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Till DEATH do us PART!

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  • Till DEATH do us PART!

    Was parting a peice of 2" od cold rolled steel (knothing fancy) today and everything was going wonderfull until...

    With about 1" dia to go (and only planning on another .25", then sawing) the tool caught for unknown reasons. Holy %$#@ batman! I've had parting tool catches before, but not like this one. Six ponies pulling at 100 rpm does not give much warning. The 2" blade went one way, and the insert went another. End result is one parting blade that is now only 2/3rds its former self and a sub-miniture skylite in my garage. Carbide and some of the blade made it all the way through the sheetrock, plywood and roofing. Glad my forehead wasn't in the line of travel. I'm thinking the saw-zall is a wee bit safer for future parting.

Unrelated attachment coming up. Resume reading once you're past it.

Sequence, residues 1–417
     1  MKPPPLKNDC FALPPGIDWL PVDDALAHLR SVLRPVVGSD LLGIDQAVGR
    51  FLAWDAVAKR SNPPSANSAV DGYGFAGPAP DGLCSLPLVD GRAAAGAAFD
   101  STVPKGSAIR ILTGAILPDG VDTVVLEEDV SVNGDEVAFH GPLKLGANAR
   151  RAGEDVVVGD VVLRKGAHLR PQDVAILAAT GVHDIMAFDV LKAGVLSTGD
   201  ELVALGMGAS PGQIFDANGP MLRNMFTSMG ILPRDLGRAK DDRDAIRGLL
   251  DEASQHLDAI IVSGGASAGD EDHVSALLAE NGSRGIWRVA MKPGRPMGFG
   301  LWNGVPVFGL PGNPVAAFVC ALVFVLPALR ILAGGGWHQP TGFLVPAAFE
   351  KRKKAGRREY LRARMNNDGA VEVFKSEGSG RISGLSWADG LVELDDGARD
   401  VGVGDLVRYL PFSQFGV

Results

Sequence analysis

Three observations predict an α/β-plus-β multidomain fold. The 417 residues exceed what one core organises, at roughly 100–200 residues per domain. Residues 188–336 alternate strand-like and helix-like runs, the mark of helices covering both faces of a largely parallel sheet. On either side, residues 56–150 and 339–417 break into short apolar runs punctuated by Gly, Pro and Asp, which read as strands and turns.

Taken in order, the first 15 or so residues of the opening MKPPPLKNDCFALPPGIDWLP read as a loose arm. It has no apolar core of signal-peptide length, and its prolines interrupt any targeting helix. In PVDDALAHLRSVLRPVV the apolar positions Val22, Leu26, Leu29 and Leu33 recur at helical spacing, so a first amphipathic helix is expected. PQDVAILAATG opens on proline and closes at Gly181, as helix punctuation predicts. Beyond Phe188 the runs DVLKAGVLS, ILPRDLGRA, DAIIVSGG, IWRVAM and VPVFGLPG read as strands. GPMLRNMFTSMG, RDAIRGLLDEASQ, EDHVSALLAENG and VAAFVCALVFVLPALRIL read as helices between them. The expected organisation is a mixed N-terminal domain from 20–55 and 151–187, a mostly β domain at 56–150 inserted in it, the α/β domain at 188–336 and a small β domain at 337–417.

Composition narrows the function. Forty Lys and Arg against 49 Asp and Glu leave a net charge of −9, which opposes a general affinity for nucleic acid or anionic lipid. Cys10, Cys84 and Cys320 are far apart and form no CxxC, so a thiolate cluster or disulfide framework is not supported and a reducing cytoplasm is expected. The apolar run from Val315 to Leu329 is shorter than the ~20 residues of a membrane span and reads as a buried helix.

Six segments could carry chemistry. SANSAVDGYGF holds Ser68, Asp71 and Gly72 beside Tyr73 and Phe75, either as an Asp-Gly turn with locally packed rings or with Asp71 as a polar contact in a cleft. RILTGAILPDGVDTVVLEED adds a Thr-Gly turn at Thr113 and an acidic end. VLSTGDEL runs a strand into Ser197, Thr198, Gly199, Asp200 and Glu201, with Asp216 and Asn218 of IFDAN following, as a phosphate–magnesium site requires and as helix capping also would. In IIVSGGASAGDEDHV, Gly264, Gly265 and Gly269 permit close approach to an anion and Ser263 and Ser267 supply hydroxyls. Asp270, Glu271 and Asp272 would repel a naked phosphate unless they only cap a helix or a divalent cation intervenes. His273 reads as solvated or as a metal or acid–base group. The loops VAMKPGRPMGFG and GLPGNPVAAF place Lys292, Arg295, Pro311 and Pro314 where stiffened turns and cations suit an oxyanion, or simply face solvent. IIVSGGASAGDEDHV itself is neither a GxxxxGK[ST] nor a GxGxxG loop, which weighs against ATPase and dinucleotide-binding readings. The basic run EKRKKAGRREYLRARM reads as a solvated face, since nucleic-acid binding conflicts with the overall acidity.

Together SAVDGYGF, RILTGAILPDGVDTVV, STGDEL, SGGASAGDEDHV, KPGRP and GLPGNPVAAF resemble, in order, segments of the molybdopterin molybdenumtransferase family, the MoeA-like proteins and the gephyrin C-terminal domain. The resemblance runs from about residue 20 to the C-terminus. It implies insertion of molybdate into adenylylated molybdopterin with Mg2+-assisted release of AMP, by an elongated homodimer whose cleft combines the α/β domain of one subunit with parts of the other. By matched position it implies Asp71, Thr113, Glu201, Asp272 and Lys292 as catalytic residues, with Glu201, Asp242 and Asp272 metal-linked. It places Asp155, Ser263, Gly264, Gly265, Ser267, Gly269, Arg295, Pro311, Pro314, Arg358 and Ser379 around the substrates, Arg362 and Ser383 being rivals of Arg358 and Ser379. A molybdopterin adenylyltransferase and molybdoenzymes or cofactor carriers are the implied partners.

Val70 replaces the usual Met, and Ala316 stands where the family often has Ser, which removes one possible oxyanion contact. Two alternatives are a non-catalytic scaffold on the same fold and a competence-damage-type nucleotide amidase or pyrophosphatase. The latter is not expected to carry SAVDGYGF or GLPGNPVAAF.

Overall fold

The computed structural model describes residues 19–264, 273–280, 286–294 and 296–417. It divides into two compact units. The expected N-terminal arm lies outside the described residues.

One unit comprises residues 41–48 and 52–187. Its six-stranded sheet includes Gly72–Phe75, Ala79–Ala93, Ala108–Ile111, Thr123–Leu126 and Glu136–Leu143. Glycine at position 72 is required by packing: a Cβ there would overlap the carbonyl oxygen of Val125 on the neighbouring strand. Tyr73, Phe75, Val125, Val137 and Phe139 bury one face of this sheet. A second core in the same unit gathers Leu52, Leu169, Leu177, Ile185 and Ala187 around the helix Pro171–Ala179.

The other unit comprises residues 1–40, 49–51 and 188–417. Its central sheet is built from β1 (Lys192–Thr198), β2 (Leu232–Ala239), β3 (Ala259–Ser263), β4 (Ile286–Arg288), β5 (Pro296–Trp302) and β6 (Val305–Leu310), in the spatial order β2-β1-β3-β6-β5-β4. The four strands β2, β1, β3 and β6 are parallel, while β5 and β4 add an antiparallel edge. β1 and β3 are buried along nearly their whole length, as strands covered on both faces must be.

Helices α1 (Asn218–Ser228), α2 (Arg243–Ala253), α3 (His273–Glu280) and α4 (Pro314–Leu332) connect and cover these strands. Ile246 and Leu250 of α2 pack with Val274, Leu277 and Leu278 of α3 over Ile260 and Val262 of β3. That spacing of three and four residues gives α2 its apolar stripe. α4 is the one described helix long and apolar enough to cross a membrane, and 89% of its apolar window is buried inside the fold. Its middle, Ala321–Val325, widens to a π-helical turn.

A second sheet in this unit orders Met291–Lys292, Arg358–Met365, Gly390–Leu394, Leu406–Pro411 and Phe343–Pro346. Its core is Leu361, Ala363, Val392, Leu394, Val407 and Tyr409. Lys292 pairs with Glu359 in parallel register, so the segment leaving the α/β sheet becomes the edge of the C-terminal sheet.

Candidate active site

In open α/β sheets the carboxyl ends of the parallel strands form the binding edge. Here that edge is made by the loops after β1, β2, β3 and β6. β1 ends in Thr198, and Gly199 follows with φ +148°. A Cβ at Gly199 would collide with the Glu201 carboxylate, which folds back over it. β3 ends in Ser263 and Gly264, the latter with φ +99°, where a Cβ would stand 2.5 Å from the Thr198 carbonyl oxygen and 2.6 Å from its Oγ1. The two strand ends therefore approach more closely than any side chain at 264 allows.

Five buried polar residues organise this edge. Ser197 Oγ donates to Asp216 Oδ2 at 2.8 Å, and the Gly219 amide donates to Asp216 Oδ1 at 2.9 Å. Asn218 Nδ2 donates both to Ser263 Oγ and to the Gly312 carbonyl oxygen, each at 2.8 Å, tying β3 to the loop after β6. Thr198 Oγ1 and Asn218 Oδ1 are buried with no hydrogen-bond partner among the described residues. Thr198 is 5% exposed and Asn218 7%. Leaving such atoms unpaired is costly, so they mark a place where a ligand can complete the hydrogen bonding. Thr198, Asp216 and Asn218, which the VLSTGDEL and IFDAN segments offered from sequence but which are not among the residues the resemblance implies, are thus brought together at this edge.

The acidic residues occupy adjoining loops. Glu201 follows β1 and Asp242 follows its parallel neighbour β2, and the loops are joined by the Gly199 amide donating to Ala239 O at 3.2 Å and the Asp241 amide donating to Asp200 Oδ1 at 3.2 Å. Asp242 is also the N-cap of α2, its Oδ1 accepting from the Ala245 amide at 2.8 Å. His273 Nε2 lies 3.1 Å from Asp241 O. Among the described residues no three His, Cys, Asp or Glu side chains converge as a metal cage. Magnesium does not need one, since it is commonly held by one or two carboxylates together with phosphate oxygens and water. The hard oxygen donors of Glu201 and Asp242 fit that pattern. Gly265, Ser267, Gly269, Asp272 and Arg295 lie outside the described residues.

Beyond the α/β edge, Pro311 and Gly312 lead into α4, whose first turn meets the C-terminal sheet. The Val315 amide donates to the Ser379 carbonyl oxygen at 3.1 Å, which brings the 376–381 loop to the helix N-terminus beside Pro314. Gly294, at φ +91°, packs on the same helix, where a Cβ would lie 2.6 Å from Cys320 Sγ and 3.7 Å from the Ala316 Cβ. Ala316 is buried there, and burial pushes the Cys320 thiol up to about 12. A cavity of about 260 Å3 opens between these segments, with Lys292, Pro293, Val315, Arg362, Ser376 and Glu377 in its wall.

Stay Safe!
    Stay Safe

  • #2
    Wow, that sounds scary - skylights huh?

    That does bring up a good question though. How many out there have a scatter shield on their lathe. It is a requirement in the industrial shops that I work around. They can be kinda of a PITA, however in a case like this they might make the difference between just a broken tool and having a really bad day. Of course I wouldn't think you would need one on a 10" lathe, but get a couple horses doing some serious cutting and it is a different matter.

    Just food for thought.

    Bernard

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    • #3
      I HAVE ONE!
      Mine is made of 3/16" lexan but was not in use at the time as it is difficult to work under and tell what is going on at the time. I can sure understand the need for one though!
      Stay Safe

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      • #4
        I know the feeling. I was working on the lathe this afternoon and had this nagging slight feeling around my head. I reached up to brush it away and discovered it was my safety googles. My forehead was well protected. Good thing I wear glasses.
        Free software for calculating bolt circles and similar: Click Here

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        • #5